I want to create a bipartite graph where the first partite $U$ contains $L$ vertices with degree $k$ and the second partite $V$ contains $N$ other vertices with degree $a$. I need to find the minimum number of $N$ so that every pair of the $L$ vertices have a common neighbour.

A different formulation of my problem is the following:

Assume we have $L$ distinct numbers. I want to calculate the minimum number of sets of size $a$ that are needed so that all unordered pairs of numbers are contained in at least one of the sets. I understand that finding the sets is similar to the set cover problem: http://en.wikipedia.org/wiki/Set_cover_problem (right?), but is there an easier/faster way to calculate the minimum number without calculating the sets, given $L$ and $a$?

  • $\begingroup$ By the way you wrote it, $N$ has to be $L\cdot\frac{k}{a}$. Do you mean that the degrees are at most $k$ and $a$? $\endgroup$
    – R B
    Feb 24, 2015 at 15:57
  • $\begingroup$ I want the degrees to be exactly $k$ and $a$. Does $N=Lk/a$ guarantee that all pairs of vertices of $U$ have at least one common neighbour? $\endgroup$ Feb 24, 2015 at 16:04
  • 1
    $\begingroup$ You asked for the value of $N$. This doesn't make much sense if $N$ has only one possible value. Also, in your second formulation of the problem, $k$ doesn't appear. $\endgroup$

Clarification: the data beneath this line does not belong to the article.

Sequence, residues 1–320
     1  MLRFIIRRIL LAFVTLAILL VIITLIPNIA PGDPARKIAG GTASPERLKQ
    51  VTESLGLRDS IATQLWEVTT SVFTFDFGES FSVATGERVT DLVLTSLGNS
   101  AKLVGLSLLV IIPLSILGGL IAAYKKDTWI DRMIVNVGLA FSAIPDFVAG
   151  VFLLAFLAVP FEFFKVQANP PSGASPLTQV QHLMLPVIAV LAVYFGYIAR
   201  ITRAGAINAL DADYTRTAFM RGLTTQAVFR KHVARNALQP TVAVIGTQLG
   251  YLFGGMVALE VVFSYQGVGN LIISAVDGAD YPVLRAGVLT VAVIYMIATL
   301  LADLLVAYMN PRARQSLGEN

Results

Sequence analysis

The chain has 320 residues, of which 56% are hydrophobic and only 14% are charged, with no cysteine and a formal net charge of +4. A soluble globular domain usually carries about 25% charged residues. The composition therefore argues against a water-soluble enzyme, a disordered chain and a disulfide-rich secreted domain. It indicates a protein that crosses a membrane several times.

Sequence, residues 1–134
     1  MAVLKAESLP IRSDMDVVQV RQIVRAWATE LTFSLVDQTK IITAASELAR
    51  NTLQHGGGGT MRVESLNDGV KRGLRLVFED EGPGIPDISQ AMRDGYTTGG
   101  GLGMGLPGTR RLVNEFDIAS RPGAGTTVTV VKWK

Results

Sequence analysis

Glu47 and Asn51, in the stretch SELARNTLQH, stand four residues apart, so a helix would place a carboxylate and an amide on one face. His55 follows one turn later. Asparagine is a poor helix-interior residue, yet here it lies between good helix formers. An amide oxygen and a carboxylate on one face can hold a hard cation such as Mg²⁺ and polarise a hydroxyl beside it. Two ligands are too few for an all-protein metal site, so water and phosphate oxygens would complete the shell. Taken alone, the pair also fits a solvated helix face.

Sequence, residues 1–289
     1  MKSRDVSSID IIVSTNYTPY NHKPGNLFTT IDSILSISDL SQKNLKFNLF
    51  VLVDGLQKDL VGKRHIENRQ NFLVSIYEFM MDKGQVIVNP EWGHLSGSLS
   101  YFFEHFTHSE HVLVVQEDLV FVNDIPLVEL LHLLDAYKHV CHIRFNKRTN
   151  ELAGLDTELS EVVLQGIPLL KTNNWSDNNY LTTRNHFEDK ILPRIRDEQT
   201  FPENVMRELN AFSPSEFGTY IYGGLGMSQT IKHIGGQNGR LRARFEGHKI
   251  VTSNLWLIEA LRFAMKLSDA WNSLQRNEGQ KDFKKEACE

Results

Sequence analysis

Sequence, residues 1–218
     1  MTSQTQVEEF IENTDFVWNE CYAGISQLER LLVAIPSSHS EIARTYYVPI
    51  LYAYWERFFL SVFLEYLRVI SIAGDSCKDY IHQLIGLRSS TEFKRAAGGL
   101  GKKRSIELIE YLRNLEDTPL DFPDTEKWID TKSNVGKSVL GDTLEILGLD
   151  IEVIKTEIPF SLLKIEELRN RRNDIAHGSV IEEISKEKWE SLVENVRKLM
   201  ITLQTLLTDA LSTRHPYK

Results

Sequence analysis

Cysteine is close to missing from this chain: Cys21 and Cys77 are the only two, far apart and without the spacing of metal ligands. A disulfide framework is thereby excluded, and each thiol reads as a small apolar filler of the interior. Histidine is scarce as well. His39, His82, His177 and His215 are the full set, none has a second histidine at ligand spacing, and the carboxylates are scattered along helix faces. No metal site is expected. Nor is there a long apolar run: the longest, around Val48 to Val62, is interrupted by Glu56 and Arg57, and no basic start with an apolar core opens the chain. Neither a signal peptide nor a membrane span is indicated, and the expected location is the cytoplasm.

– R B
    Feb 24, 2015 at 16:11
  • $\begingroup$ @RB Thanks for your interest, if you have an answer for the second formulation please post it. $\endgroup$ Feb 25, 2015 at 14:04

1 Answer 1


This is an upper bound on $N$ for the second formulation:

Assume that I pick $N$ uniformly random sets.

The probability of a pair of elements not to be covered by a specific set is $$1-\left(\frac{a}{L}\right)^2$$

Therefore the chance that it is not covered by any set is: $$\left(1-\left(\frac{a}{L}\right)^2\right)^N$$

Using the union bound, the chance that some pair will not be covered is at most:

$$P={L \choose 2}\left(1-\left(\frac{a}{L}\right)^2\right)^N$$

This means that if $P<1$, there exists some proper covering using $N$ sets. Notice that:

$$P={L \choose 2}\left(1-\left(\frac{a}{L}\right)^2\right)^N<L^2e^{-N(\frac{a}{L})^2}$$

Therefore it is enough to demand $L^2e^{-N(\frac{a}{L})^2}<1$, which gives us a bound on $N$:

\begin{align} L^2e^{-N(\frac{a}{L})^2}<1\\ -N(\frac{a}{L})^2<-2\ln L\\ N>2\ln L\cdot(\frac{L}{a})^2 \end{align}

Which means that there exists a proper covering using $2\ln L\cdot(\frac{L}{a})^2$ sets of size $a$.

Now notice that every set covers $a\choose 2$ pair of elements, while $L\choose 2$ pairs exist, so a lower bound for $N$ would be: $$\frac{L\choose 2}{a\choose 2}\approx (\frac{L}{a})^2$$

So the upper bound is tight up to factor $O(\log L)$. (If I had to bet, I'd say the lower bound is loose while the upper is asymptotically tight).

This means that if your goal is to compute the value of the optimal $N$ - answering $(\frac{L}{a})^2\sqrt{\log L}$ would give an approximation ratio of $O(\sqrt{\log L})$.


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